Now, more than ever, it is time to up-end everybody’s approach to cybersecurity.
It is time to rethink, retool, and reinforce defenses, approaches, and culture in order to combat bad actors.
Of course, they are already rethinking, retooling, and reinforcing.
Trends show clearly that as financial services’ technological capability continues to spiral breathlessly upward, so do the threats, in numbers, intensity, and innovation.
Future’s all of a piece
This point is made clearly and cogently in an essay by Tom Patterson, chief trust officer for Unisys, published on the Financial Services Roundtable website.
“In our minds, we are painting a wonderful picture, where machines perform our tasks better, faster, and cheaper than humanly possible,” he says. “But make no mistake: The future of fintech and cybersecurity are interlocked, for without advances in cybersecurity, those same machines can destroy everything we’ve built.”
Patterson means it. He goes on to suggest a future based on lost faith in banking records. He sees this potentially progressing from not being able to tell “a crook from a president,” to third-party actors cutting global financial interconnectivity, to entire governments or terrorists targeting vital interests.
In short, it would be pretty bad.
2017: Year of the threat
A recent, unscientifically gathered but sobering collection of reports addressing cyber threats and how they are evolving indicates, anecdotally at least, what financial institution decision makers will have to cope with in the coming year. This includes both evolving threats and evolving responses.
Email encryption—Email encryption is a critical or very important business priority for 53% of organizations, despite only being used extensively by 40% of organizations, according to a survey for Echoworx by Osterman Research. When asked why its use is not more widespread, 53% said it was “asking too much of the email recipients.”
“Despite the necessity of encryption and the benefits it offers, there is still the common misconception that the technology is suited for only the technically savvy,” says Jacob Ginsberg, senior director at Echoworx. “The challenge in the security industry today is that despite the ever more complex threat vector, solutions must remain dead simple to use.”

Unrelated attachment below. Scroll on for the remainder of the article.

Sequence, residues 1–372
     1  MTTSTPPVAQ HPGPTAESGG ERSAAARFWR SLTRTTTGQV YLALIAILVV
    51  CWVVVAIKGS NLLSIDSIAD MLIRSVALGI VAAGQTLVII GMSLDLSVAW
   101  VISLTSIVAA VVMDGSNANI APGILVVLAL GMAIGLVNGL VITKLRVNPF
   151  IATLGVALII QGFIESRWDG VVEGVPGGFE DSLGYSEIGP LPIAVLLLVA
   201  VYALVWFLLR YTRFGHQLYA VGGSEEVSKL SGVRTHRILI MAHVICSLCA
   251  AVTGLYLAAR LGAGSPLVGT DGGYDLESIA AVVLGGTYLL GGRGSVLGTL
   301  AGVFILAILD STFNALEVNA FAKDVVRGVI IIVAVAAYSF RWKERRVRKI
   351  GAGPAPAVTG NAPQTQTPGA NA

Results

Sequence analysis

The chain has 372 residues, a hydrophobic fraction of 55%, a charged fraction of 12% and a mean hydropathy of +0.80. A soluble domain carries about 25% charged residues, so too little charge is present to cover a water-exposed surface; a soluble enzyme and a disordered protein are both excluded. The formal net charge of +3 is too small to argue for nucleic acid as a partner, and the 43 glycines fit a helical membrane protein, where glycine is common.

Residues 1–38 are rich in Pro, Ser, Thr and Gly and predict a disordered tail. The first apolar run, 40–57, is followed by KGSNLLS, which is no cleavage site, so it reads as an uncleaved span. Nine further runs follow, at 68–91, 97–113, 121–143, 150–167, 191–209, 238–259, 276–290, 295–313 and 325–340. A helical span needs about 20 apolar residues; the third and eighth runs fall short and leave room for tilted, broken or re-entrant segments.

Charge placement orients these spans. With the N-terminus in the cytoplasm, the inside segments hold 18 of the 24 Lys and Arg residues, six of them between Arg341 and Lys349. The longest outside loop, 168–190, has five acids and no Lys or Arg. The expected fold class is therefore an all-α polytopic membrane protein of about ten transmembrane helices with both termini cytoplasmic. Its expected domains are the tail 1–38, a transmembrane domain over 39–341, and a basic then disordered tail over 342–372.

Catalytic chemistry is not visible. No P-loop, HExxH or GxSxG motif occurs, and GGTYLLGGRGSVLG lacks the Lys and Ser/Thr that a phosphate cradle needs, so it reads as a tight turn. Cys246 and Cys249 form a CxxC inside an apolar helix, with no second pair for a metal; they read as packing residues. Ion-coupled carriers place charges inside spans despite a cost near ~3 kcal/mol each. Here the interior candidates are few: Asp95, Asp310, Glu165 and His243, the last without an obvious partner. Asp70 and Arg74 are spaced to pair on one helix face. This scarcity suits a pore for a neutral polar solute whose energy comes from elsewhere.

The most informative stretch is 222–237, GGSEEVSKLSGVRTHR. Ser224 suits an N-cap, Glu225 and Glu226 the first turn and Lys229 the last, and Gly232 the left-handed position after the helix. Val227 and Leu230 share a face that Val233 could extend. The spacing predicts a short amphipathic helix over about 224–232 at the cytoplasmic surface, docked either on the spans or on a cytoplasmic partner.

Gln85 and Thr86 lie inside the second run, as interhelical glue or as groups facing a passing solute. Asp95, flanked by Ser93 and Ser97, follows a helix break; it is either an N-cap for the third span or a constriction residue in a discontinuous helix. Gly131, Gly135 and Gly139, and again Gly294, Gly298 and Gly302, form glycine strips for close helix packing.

Dearth of talent—More than half (57%) of 147 IT security decision makers and influencers surveyed by Osterman Research for Trustwave say finding and recruiting IT talent are their biggest challenges. On top of this, only one in nine have security staff with skills to enable them to deal with future security demands.
“The shortage of staff able to solve complex security issues is an industry problem that continues to worsen, but the way organizations are going about filling this void is all wrong,” says Chris Schueler, Trustwave senior vice-president.
Schueler explains that the usual methods of recruiting are not producing what’s needed.
“Yet we keep seeing enterprises simply throwing bodies at the problem when what is really needed is better staff training, more budget support to hire the right personnel, and additional assistance from experienced third-party experts, ” Schueler says.
Artificial intelligence—Late last year Mastercard introduced “Decision Intelligence” as a comprehensive decision and fraud detection service. The company explains that this “takes a broader view in assessing, scoring, and learning from each transaction.
That score then enables the card issuer to apply the intelligence to the next transaction.” In other words, it examines how a specific account is used over time to detect normal and abnormal shopping spending behaviors. In doing so, it leverages such account information as customer value segmentation, risk profiling, location, merchant, device data, time of day, and type of purchase made.
While Mastercard promotes this as mainly a way to ease legitimate customer pain points caused by false declines, it acknowledges that artificial intelligence can deliver an enhanced fraud score for every transaction, often in real time.
Internet of things—Juniper Research estimates that the installed consumer IoT base will reach more than 15 billion units by 2021, an increase of 120% over 2016. Its report notes that the use of botnets, which make use of all these connected devices, could only increase the likelihood and severity of distributed denial of service attacks. In October, such a scenario combined to hamper the operations of Dyn, a New Hampshire cloud-based internet performance management company.